ward: Tobago
Independence:31 August 1962 (from UK)
National holiday:Independence Day, 31 August (1962)
Constitution:1 August 1976
Legal system:based on English common law; judicial review of legislative acts in the Supreme Court; has not accepted compulsory ICJ jurisdiction
Suffrage:18 years of age; universal
Executive branch:chief of state: President George Maxwell RICHARDS (since 17 March 2003)
head of government: Prime Minister Patrick MANNING (since 24 December 2001)
cabinet: Cabinet appointed from among the members of Parliament
elections: president elected by an electoral college, which consists of the members of the Senate and House of Representatives, for a five-year term (eligible for a second term); election last held on 11 February 2008 (next to be held by February 2013); the president usually appoints as prime minister the leader of the majority party in the House of Representatives
election results: George Maxwell RICHARDS reelected president; percent of electoral college vote - NA
Legislative branch:bicameral Parliament consists of the Senate (31 seats; 16 members appointed by the ruling party, nine by the President, six by the opposition party to serve a maximum term of five years) and the House of Representatives (41 seats; members are elected by popular vote to serve five-year terms)
elections: House of Representatives - last held on 5 November 2007 (next to be held in 2012)
election results: House of Representatives - percent of vote - PNM 46%, UNC 29.7%; seats by party - PNM 26, UNC 15
note: Tobago has a unicameral House of Assembly with 12 members serving four-year terms; last election held in January 2005; seats by party - PNM 11, DAC 1
Judicial branch:Supreme Court of Judicature (comprised of the High Court of Justice and the Court of Appeals; the chief justice is appointed by the president after consultation with the prime minister and the leader of the opposition; other justices are appointed by the president on the advice of the Judicial and Legal Service Commission); High Court of Justice; Caribbean Court of Appeals member; Court of Appeals; the highest court of appeal is the Privy Council in London
Political parties and leaders:Congress of the People [Winston DOOKERAN]; Democratic Action Congress or DAC [Hochoy CHARLES] (only active in Tobago); Democratic National Alliance or DNA [Gerald YETMING] (coalition of NAR, DDPT, MND); Movement for National Development or MND [Garvin NICHOLAS]; National Alliance for Reconstruction or NAR [Dr. Carson CHARLES]; People's National Movement or PNM [Patrick MANNING]; United National Congress or UNC [Basdeo PANDAY]
Political pressure groups and leaders:Jamaat-al Muslimeen [Yasin BAKR]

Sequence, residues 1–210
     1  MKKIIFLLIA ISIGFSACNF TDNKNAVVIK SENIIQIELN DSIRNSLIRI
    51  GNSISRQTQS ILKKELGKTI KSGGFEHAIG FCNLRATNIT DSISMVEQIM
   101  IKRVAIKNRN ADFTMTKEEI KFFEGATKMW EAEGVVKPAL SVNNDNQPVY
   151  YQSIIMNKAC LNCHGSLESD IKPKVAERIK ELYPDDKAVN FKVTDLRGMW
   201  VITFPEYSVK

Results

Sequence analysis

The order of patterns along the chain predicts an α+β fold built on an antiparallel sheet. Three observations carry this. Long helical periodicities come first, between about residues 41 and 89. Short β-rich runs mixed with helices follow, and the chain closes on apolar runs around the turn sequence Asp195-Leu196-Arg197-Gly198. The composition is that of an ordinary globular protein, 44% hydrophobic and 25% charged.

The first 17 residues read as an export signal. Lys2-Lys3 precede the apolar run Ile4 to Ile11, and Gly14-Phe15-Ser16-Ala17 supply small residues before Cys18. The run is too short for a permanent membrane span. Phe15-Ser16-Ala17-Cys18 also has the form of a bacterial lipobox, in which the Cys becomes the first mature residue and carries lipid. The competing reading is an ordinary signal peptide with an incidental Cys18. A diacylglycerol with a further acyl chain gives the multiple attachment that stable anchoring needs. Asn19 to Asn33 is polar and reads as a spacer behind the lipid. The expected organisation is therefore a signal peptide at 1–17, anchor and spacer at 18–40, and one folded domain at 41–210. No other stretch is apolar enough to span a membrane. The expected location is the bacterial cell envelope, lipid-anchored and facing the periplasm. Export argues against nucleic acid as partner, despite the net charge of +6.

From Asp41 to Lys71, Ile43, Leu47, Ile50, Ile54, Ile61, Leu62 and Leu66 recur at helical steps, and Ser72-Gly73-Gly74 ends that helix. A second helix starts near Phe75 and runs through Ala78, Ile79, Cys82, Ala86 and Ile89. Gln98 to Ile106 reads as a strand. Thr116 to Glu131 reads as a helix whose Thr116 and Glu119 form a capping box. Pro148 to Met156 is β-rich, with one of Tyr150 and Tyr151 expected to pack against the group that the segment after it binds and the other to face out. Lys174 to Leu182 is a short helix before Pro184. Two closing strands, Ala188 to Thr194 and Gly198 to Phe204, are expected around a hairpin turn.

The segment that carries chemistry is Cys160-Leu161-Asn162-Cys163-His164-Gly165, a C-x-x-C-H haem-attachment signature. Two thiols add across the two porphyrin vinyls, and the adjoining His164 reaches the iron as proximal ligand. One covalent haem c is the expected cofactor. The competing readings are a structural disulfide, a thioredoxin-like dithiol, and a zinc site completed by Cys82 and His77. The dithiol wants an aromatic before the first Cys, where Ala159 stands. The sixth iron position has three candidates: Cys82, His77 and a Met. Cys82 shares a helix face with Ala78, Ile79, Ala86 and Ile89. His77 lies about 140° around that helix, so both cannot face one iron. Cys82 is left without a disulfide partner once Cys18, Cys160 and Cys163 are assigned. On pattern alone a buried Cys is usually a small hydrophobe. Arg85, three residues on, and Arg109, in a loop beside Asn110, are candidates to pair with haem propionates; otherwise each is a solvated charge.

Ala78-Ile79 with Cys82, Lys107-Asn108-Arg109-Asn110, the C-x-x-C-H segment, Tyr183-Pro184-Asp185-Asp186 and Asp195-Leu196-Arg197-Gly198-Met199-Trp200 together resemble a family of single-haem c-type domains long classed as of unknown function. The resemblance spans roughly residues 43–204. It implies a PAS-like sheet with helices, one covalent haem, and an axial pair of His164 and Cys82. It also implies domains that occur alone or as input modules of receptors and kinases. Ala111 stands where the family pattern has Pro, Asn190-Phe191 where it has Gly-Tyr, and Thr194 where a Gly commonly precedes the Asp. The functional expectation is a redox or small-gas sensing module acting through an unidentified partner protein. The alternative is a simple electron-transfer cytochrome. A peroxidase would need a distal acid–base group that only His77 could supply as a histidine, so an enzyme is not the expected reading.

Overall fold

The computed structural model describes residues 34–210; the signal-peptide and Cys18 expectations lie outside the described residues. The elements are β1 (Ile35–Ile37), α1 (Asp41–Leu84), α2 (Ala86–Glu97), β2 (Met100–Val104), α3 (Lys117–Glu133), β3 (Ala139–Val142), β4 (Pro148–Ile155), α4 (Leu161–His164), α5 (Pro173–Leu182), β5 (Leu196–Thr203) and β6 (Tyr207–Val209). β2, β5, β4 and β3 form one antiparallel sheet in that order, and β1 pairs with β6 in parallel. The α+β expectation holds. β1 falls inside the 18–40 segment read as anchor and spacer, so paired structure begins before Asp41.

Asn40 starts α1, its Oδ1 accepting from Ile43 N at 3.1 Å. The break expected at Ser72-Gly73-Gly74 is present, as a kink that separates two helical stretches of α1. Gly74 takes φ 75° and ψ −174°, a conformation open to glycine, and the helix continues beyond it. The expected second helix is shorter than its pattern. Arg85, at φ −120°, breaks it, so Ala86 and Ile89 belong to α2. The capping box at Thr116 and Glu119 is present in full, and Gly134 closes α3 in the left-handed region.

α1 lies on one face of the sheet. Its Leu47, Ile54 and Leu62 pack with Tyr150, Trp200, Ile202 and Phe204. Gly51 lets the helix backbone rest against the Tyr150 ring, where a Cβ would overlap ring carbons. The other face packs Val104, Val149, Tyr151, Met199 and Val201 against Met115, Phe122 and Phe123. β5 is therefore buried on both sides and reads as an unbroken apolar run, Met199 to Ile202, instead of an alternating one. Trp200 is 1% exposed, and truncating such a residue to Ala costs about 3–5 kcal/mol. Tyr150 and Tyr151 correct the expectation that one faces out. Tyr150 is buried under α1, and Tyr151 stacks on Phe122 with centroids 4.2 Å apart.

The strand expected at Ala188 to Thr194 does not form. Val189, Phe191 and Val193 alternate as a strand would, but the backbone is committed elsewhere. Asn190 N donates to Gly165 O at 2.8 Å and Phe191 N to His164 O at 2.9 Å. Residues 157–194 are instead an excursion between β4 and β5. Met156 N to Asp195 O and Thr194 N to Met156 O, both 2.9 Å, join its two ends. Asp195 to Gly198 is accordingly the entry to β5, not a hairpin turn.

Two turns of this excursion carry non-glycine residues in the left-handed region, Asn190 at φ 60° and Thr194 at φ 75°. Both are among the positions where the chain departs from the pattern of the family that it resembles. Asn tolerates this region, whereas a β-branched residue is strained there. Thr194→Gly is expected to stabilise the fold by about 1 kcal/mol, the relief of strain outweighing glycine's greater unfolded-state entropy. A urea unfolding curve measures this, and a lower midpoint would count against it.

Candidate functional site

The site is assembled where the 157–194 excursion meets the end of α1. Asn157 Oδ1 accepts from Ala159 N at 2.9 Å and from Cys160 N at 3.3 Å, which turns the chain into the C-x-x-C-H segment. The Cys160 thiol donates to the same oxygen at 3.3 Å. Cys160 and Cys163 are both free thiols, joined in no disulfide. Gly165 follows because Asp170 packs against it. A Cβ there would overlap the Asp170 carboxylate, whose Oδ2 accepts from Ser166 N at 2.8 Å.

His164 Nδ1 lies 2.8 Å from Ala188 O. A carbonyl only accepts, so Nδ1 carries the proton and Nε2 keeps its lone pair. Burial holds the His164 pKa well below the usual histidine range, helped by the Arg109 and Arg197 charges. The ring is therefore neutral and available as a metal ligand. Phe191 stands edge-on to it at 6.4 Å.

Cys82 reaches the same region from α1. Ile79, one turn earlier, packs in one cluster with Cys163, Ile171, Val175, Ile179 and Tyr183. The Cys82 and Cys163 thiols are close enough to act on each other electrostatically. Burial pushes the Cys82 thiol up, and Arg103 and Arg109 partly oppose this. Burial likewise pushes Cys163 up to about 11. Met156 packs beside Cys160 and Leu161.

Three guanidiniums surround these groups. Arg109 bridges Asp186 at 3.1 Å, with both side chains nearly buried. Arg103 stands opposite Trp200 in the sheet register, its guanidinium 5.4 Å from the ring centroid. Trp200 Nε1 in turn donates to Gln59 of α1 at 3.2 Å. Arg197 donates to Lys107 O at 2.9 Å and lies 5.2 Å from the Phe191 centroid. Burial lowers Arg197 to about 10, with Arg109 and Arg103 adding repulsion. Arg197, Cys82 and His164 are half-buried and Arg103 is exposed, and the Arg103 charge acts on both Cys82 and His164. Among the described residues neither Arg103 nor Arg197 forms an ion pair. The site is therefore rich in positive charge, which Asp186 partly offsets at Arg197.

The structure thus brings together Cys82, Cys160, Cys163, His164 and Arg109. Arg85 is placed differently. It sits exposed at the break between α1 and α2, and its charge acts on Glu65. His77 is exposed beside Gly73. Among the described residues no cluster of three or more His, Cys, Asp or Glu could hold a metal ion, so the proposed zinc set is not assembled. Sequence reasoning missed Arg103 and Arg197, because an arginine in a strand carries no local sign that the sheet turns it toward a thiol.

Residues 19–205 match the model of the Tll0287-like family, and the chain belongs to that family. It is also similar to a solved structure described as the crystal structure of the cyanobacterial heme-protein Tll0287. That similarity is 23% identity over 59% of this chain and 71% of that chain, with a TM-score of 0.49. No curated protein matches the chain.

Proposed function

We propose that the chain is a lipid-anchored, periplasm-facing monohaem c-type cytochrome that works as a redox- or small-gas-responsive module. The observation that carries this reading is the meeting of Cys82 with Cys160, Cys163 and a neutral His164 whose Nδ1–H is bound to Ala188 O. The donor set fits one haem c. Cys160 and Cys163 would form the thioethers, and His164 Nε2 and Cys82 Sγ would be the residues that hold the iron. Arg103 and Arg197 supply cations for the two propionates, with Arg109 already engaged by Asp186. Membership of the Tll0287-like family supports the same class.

International organization participation:ACP, C, Caricom, CDB, FAO, G-24, G-77, IADB, IBRD, ICAO, ICCt, ICRM, IDA, IFAD, IFC, IFRCS, IHO, ILO, IMF, IMO, Interpol, IOC, ISO, ITSO, ITU, ITUC, LAES, MIGA, NAM, OAS, OPANAL, OPCW, UN, UNCTAD, UNESCO, UNIDO, UPU, WCL, WCO, WFTU, WHO, WIPO, WMO, WTO
Diplomatic representation in the US:chief of mission: Ambassador Marina Annette VALERE
chancery: 1708 Massachusetts Avenue NW, Washington, DC 20036
telephone: [1] (202) 467-6490
FAX: [1] (202) 785-3130
consulate(s) general: Miami, New York
Diplomatic representation from the US:chief of mission: Ambassador Roy L. AUSTIN
embassy: 15 Queen's Park West, Port-of-Spain
mailing address: P. O. Box 752, Port-of-Spain
telephone: [1] (868) 622-6371 through 6376
FAX: [1] (868) 628-5462
Flag description:red with a white-edged black diagonal band from the upper hoist side to the lower fly side
  
Economy
  
Economy—overview:Trinidad and Tobago has earned a reputation as an excellent investment site for international businesses and has one of the highest growth rates and per capita incomes in Latin America. Recent growth has been fueled by investments in liquefied natural gas (LNG), petrochemicals, and steel. Additional petrochemical, aluminum, and plastics projects are in various stages of planning. Trinidad and Tobago is the leading Caribbean producer of oil and gas, and its economy is heavily dependent upon these resources but it also supplies manufactured goods, notably food and beverages, as well as cement to the Caribbean region. Oil and gas account for about 40% of GDP and 80% of exports, but only 5% of employment. The country is also a regional financial center, and tourism is a growing sector, although it is not proportionately as important as in many other Caribbean islands. The economy benefits from a growing trade surplus. Economic growth reached 12.6% in 2006 and 5.5% in 2007 as prices for oil, petrochemicals, and LNG remained high, and as foreign direct investment continued to grow to support expanded capacity in the energy sector.
GDP (purchasing power parity):$22.93 billion (2007 est.)
GDP (official exchange rate):$14.15 billion (2007 est.)
GDP—real growth rate:5.5% (2007 est.)
GDP—per capita (PPP):$21,700 (2007 est.)
GDP—composition by sector:agriculture: 0.6%
industry: 62%
services: 37.4% (2007 est.)
Labor force:615,400 (2007 est.)
Labor force—by occupation:agriculture 4%, manufacturing, mining, and quarrying 12.9%, construction and utilities 17.5%, services 65.6% (2006 est.)